Show History



High School Musical 2 is a stage adaptation of the Disney film of the same name, a direct sequel to High School Musical.  Bringing together the same cast and creative team from the first film, the action went outside the school to summer vacation at the local country club.  The premiere was seen by over 17.2 million viewers on the Disney Channel, making it the highest-rated Disney Channel movie of all time.

High School Musical collaborators, David Simpatico (Book) and Bryan Louiselle (Music Adaptation), reunited to bring another Kenny Ortega film to the stage.  Like their previous adaptation, they used the vast majority of plot from the original film, although they wrote some material to include the characters of Jack Scott (created in the first musical) and the "Sharpettes," back-up singers to Sharpay.  The stage version also includes the song "Humuhumunukunukuapua'a," which has been recorded and filmed in the original film but was cut in its original showing.


Disney Theatrical originally recruited seven high schools to serve as guinea pigs for their newest stage adaptation, High School Musical 2.  But, due to multiple changes to the script and score throughout the process, only two schools survived through the program.  Woodlands High School premiered the musical on May 18, 2008, while the Harrell Theatre in Tennessee was the first community theatre to perform it only a couple of months later on July 17.  After the rights were officially licensed in the fall, High School Musical 2 began to be performed around the country, including its West Coast premiere at Pacific Repertory Theatre's School of Dramatic Arts on January 15, 2009.  Other noteworthy venues include Atlanta's Theater of the Stars and North Shore Music Theatre.  The StageDaze Theatre Company also gave the musical its international premiere in the UK on April 6, 2009.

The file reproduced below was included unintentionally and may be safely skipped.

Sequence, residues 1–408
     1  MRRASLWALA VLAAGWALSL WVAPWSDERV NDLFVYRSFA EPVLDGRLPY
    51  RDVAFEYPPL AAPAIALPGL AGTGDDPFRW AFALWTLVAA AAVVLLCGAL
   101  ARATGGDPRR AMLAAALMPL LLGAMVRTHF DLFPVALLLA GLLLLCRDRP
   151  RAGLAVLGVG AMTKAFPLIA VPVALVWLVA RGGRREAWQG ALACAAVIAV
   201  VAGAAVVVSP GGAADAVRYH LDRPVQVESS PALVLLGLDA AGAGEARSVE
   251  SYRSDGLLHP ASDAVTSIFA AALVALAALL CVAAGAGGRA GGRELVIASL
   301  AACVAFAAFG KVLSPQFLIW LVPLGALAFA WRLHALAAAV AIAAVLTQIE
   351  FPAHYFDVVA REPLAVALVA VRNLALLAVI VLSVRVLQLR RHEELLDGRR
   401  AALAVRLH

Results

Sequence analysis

Cultural Influence

  • Like its theatrical predecessor, High School Musical 2 has spawned multiple versions for licensing.  Disney Theatrical created both a one-act version for middle school students (removing several songs and shortening the material to 70 minutes) and a junior version for elementary school and younger middle school students.